The last option is getting your own IOSS number - but really unless you are doing serious EU international business it is just more hassle than its worth.
When you sell via a marketplace (Amazon etc) then you use their IOSS number as they collect the VAT.
Please read where this is all explained.
If your own website orders to the EU are quite low then I would send DDU - least hassle and very easy to implement.
We dropped Italy as the items were occasionally delivered too late, but France is good and only second to Germany. Generally no problems.
If you want to offer a hassle-free experience to your customer, it’s probably the best option to use IOSS for your website sales to the EU.
DDU is not ideal, and we have tried it in the beginning; customers in Germany are charged around €8-10 on our items, as customs add their admin fee of €6 if I recall correctly.
DDP is recommended for items/orders over €150, which doesn’t apply to ours, and they also charge 4% handling, so not sure this would work out better than IOSS.
I agree that IOSS is a paint in the backside, but a must-have if you send a considerable amount to the EU. Customers don’t like paying P&P, never mind the extra fees and import charges, and I would rather make the whole experience seamless than put all these charges on my customer.
Thank you 2adam2,
We will investigate an IOSS for our website, although, it is not the main channel for us.
We like your comment that customers do not like paying P&P.
We have asked Amazon how we sell in an EU country, such as Italy, but ship from here in England. To date, they have not managed to enlighten us, other than suggest we go FBA. (We cannot do this, as we sell personalised items. Of course, we have already told them this in each correspondence).
Thank you Simply_NikNaks1,
Given the small numbers we get from the EU on our website, It looks like DDU will be the way to go.
“We also sell to the EU, especially France and Germany, and those two countries are very easy to deal with, so you should try to get back into those markets.”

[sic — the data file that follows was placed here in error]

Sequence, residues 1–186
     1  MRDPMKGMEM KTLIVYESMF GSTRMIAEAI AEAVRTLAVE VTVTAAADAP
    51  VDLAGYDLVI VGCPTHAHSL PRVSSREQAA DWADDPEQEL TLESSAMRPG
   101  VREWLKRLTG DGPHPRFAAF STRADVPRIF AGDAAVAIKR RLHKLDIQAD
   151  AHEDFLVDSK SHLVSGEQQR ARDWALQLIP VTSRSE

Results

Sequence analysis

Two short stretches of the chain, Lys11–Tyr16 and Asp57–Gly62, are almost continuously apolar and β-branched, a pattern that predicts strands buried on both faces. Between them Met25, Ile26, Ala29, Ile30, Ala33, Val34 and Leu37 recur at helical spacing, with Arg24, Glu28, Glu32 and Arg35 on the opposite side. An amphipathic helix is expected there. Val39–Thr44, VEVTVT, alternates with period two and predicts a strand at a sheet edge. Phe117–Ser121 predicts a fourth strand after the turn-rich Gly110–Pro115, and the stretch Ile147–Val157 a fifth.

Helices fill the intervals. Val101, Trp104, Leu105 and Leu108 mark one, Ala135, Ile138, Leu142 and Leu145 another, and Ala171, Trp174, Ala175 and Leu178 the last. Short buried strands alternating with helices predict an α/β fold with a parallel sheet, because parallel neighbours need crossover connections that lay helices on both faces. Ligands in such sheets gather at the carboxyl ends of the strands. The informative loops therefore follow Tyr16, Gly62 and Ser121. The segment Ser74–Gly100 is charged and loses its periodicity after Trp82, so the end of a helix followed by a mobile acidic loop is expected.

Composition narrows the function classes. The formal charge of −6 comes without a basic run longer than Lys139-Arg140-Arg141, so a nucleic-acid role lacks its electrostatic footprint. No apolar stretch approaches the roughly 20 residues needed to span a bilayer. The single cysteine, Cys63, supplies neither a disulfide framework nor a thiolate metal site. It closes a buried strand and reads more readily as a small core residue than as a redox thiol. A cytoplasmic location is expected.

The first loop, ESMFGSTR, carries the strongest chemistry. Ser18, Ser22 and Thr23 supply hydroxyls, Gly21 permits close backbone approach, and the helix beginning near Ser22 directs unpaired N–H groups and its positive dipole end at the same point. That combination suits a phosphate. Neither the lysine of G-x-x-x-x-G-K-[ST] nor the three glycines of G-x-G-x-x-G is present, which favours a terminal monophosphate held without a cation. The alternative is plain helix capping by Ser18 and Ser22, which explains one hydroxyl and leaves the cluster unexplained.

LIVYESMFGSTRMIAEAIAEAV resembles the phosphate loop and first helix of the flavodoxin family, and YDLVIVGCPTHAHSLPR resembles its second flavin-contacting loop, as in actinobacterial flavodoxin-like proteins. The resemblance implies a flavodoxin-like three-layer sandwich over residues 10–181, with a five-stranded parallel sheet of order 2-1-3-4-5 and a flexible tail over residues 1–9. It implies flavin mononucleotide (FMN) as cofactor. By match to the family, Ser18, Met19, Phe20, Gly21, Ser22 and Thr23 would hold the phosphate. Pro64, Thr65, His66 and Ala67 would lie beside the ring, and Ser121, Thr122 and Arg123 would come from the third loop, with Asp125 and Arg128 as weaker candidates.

May I ask, where are your listings for selling into France and Germany? By this, I mean are they on the specific country site for France or Germany - or are they on the UK Amazon site?
For small amounts of orders from your own website then DDU it is definitely best option. Just make it clear in your T&Cs then if you get a complaint you have something to point to. I use this term:
International customers: Import duties, taxes and charges are not included in the item price or shipping charges. These charges are the customer’s responsibility. Please check with your country’s customs office to determine what these additional costs will be prior to buying. These charges are normally collected by the delivering freight (shipping) company or when you pick the item up – do not confuse them for additional P&P charges. We do not mark merchandise below value on any customs declaration as International government regulations prohibit such behaviour.
You can always expand into DDP or getting your own IOSS number if the number of orders picks up.
The problem came about when we left the EU. Countries outside the EU knew that if they imported an item they would probably have to pay taxes on arrival. When we left the EU then the same principle applied to them - but they had gotten used to being able to order from a seller in the UK and not paying additional fees.